3 lessons learned from community building at Startup Sioux Falls
We are in the midst of transformation as an organization and our team has been reflecting on what we have learned over the past few years of cultivating the Sioux Falls startup community. Recently, these ideas have been recurring themes during my runs—my thinking time—so I thought it was time to write them down.
Our search for a community coordinator may have also contributed to these themes being top of mind. On that front, we are thrilled to have Amos Buelow join the team as community coordinator. He has the skills and heart for this work; we are grateful he has joined the team. We will introduce him soon, but in the meantime, please say hello to him!
These lessons are just the start, but if you are part of our entrepreneurial community or building a community of your own, I hope these will spark a familiar feeling or some inspiration as you continue to build.
1. Prioritizing tone and culture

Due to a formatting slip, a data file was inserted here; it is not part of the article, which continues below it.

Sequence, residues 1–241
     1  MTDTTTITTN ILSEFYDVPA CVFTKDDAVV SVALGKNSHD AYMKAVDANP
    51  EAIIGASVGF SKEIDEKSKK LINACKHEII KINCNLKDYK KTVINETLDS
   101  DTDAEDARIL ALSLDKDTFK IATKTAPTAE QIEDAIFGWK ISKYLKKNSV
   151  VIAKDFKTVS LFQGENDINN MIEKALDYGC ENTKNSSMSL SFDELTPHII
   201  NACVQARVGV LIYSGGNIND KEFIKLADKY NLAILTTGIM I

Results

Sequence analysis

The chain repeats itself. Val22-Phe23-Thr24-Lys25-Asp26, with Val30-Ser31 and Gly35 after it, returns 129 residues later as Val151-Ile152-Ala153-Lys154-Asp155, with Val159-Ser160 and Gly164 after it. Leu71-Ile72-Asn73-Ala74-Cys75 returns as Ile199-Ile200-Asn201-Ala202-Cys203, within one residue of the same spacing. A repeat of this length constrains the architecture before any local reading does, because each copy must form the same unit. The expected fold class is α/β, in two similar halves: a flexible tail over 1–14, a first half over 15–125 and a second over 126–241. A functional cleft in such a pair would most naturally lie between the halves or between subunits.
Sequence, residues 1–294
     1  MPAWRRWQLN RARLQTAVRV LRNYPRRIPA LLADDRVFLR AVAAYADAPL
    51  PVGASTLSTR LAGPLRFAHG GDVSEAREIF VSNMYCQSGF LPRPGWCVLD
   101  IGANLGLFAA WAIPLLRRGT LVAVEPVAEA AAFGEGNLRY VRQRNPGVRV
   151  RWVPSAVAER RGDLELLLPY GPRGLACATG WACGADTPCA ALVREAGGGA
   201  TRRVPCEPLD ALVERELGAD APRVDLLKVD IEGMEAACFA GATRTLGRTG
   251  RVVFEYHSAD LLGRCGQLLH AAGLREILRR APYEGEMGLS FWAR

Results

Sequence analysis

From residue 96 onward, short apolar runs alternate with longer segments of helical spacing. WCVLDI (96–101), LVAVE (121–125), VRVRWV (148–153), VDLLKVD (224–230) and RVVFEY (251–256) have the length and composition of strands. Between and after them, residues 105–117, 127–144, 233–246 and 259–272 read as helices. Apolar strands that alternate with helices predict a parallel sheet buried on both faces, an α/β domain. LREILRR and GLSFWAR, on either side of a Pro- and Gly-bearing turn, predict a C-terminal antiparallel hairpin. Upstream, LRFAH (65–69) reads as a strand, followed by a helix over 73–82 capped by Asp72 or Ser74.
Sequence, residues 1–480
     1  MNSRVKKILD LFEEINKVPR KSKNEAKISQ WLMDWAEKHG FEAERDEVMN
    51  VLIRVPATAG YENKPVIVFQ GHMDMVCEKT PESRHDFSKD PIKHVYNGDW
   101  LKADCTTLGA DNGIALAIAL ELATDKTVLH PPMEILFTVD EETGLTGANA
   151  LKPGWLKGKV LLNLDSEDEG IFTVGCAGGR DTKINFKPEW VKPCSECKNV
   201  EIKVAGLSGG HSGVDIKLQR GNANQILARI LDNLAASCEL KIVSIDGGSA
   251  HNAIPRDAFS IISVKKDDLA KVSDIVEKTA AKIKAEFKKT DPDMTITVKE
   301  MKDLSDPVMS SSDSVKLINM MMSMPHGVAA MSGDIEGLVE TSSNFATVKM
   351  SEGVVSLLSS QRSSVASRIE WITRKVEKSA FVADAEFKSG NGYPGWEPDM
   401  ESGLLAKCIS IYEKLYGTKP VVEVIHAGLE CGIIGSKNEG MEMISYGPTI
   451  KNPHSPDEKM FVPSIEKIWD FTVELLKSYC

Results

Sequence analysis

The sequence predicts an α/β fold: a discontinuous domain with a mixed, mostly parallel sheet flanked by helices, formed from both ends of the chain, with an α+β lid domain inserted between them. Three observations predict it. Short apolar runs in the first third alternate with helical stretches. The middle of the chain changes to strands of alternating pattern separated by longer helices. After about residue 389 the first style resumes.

One of my mentors in design school once shared with me that his ultimate dream as a professor was to walk into the studio and read the newspaper while his students passionately discussed ideas and their projects. He was being facetious, but the analogy is relevant.
His goal was to foster an environment of trust where critical thinking was the norm—a supportive environment that challenged individuals and the collective group beyond what they thought was possible for themselves. Creating a culture like this is no small feat.
During Startup Sioux Falls’s shift from an incubation facility to an ecosystem organization, we have focused on providing consistent communications about the tangible programs and services we provide.
I believe a less tangible, but equally important, part of our work is to foster the tone and culture of the startup community. This is at the core of the momentum we have experienced as a startup community over the past few years.
It is also one of the more nuanced, time-consuming, and difficult aspects of our work. It is in the stories we tell, the relationships we build, and the spaces we create. This type of work is mostly unglorified, subtle, and nuanced. It is difficult to measure, and in economic development, we measure impact.
However, quality programs and services will not make up for a culture that people don’t want to associate with. Setting tone and culture is something our president, Brienne Maner, is focused on in her leadership of Startup Sioux Falls. She is also leading the way toward building a more inclusive startup community, which takes time and intentionality.